Asia is more appealing to emerging market fund managers than Latin America, although uneven conditio...
Asia is more appealing to emerging market fund managers than Latin America, although uneven conditions mean both remain highly stock specific.
Asia comprises 57% of the benchmark MSCI Emerging Market Free Index, while Latin America is only 17%. It is no surprise, therefore, managers say it is easier to find investable stocks in Asia. Asian equities are also said to be closer to recovery than Latin America, as their pain started earlier.
Giles Neville, emerging markets product manager at Schroders, says: 'Asia has already had its really tough period, which started with the 1997 crisis in Thailand and culminated in 1999.
'Companies that wanted to survive in a listed or public form have had to become more disciplined about how they use and source their capital, and have been more focused on returns on equity as a result.'
JP Morgan Fleming Emerging Markets investment trust manager Austin Forey says the outperformance of exporting stocks in Asia during the late 1990s, followed by outperformance by domestic plays during the downturn in the US, has become much more evenly balanced between the two sectors.
'There are not as many strong themes as there have been in past years, which makes investing more difficult,' he says.
Well-priced stocks that are independent of external factors are the most attractive plays, while China increasingly dominates the region.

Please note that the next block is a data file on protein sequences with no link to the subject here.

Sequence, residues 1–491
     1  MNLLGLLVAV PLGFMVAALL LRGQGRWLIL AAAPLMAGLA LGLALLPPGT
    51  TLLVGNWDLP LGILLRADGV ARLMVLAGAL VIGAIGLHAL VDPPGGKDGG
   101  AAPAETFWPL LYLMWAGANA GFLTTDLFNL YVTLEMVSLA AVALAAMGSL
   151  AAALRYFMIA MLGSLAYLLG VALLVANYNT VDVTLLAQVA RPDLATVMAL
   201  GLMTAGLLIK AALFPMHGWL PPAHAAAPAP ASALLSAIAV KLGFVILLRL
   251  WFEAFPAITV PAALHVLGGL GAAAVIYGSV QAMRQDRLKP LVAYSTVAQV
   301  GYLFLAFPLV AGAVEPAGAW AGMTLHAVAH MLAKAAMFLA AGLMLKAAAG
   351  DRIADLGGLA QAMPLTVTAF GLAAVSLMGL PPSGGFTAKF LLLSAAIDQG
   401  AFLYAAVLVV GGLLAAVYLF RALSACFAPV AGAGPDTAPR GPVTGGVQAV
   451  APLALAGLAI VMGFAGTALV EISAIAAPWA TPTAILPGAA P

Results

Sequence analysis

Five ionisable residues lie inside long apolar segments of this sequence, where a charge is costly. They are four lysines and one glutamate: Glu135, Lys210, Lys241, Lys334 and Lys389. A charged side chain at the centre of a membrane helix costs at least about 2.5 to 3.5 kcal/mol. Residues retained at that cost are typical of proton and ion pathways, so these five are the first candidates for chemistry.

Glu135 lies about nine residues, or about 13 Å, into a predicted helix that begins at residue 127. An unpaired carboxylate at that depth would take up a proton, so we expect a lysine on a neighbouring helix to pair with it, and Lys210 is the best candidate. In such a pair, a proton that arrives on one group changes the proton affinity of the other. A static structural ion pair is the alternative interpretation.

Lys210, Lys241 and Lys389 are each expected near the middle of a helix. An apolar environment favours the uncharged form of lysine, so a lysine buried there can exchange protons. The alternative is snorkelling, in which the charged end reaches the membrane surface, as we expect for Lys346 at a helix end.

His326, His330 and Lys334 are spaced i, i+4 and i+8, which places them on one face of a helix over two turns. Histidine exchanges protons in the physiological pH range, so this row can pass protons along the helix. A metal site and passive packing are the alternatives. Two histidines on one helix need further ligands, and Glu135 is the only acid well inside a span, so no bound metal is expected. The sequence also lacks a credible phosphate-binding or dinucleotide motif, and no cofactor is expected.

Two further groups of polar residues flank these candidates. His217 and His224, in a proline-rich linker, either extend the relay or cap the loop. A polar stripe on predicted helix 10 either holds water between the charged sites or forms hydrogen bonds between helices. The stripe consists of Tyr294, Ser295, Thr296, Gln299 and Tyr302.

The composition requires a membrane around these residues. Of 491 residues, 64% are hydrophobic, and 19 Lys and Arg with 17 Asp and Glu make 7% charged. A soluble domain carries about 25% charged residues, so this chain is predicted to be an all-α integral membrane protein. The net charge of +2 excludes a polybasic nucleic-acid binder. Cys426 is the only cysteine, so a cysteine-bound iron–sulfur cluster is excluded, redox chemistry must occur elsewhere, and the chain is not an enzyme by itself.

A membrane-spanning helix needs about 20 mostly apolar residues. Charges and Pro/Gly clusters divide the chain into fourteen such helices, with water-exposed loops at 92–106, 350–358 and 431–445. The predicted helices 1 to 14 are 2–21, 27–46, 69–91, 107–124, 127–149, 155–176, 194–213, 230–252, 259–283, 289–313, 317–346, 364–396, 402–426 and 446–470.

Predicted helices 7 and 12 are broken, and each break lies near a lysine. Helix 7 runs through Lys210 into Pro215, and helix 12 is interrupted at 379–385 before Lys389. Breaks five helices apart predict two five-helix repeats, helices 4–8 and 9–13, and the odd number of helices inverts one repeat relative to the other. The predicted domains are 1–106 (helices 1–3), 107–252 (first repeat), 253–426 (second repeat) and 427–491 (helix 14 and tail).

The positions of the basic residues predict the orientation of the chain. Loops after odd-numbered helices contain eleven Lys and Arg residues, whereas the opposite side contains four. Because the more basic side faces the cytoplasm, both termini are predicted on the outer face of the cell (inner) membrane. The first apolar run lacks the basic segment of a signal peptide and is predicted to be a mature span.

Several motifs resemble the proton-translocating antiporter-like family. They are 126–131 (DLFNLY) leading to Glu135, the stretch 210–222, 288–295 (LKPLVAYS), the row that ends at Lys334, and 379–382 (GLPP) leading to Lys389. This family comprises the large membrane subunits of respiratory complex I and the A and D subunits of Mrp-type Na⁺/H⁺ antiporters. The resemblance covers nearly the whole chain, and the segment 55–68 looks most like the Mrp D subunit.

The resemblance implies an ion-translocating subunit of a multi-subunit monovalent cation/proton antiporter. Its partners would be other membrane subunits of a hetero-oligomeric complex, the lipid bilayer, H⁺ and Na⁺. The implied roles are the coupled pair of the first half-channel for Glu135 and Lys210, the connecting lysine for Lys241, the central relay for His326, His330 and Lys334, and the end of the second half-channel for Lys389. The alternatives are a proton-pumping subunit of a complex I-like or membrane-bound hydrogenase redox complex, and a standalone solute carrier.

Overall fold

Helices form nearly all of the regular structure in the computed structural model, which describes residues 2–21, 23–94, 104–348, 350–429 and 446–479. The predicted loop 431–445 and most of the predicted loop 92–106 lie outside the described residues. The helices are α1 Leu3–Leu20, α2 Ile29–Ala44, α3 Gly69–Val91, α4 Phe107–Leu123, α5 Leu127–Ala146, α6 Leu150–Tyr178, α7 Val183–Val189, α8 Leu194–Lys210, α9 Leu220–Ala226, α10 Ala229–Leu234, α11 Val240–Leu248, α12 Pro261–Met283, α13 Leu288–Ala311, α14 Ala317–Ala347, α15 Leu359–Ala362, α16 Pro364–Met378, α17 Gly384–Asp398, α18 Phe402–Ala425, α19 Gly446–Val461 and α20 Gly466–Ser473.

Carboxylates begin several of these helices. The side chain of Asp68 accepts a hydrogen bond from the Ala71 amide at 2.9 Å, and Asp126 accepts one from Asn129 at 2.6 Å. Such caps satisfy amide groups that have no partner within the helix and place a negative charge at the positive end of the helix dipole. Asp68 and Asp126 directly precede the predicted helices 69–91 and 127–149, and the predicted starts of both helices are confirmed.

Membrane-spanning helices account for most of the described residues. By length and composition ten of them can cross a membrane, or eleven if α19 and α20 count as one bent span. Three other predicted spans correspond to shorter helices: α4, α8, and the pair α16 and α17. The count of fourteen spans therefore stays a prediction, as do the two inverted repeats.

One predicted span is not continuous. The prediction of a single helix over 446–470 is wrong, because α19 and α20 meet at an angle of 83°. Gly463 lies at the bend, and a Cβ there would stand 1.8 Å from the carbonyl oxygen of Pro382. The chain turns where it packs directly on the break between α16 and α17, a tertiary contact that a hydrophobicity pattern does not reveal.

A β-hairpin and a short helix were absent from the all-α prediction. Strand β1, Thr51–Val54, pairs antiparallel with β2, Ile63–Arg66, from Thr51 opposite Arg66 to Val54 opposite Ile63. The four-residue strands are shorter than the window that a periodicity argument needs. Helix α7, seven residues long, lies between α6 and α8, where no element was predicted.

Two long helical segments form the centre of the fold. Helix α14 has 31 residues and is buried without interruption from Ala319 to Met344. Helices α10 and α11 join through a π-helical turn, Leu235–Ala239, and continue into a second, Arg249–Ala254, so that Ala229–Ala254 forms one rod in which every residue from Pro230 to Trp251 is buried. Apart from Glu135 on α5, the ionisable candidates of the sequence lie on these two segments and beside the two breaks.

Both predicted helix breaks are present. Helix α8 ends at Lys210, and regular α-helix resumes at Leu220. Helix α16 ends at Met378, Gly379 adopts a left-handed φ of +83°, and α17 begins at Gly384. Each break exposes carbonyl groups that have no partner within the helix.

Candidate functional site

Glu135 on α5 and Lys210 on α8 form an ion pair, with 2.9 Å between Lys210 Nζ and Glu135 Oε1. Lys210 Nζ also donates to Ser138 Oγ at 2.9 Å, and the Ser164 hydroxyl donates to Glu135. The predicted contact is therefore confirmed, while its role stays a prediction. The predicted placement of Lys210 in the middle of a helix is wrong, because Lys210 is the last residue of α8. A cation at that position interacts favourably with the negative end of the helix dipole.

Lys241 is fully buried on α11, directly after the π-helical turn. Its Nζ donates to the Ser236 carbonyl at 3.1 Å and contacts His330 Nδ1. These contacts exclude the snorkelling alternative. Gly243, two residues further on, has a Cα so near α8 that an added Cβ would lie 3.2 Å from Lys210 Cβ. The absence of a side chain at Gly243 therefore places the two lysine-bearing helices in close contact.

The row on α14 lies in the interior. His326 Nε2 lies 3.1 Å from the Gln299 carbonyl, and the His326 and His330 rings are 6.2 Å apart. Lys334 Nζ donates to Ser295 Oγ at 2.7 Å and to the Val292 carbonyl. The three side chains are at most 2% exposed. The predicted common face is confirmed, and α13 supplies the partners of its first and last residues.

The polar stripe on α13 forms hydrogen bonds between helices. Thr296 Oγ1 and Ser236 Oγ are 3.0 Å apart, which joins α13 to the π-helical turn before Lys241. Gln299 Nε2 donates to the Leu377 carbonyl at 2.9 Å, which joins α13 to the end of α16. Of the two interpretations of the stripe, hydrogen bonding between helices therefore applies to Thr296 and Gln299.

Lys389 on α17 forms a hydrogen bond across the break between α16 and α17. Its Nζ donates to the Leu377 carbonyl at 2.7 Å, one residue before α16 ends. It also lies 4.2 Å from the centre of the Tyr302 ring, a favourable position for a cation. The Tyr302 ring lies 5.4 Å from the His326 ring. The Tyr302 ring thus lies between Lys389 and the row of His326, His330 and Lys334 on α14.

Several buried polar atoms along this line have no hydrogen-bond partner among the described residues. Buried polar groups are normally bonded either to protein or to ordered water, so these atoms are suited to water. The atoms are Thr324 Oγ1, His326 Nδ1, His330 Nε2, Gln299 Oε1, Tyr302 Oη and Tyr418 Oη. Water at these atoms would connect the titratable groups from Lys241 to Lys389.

'China is doing well economically and attracting investment from other countries in the region. Its share of manufacturing exports continues to rise,' says Forey. 'The long-term Chinese growth story is solid but finding ways to invest in it with confidence at a company level is difficult and we are sceptical about most domestic Chinese firms. They tend to find a lot of competition emerges quickly once they get into an industry.'
He says it is difficult to isolate individual Chinese stocks and the best way to play the export sector is through Hong Kong or Taiwan, where firms are increasingly moving their production to the mainland but keeping their headquarters outside. 'Most of my exposure in Asia is a play on China but it will not necessarily look that way in a country breakdown of the fund,' Forey adds.
He is also overweight india, where companies in export sectors such as software services and pharmaceuticals, as well as some domestic areas like mortgage lending, are robust.
Latin America is increasingly dominated by Mexico as investors shy away from Brazil, where there is uncertainty on local stocks following devaluation of the real and a change of government. However, there is upside potential in the wake of substantial falls, Forey says.
'If the government gets things right and confidence is maintained, interest rates could come down in Brazil, which would stimulate stock prices,' he adds.
Capital growth potential in Mexico may be capped going forward. 'Mexico has some grown-up companies and a lot of them look cheap but it has already recovered a long way from its last crisis and without a real impetus from the US, it will be hard to make a lot of headway,' Forey says.
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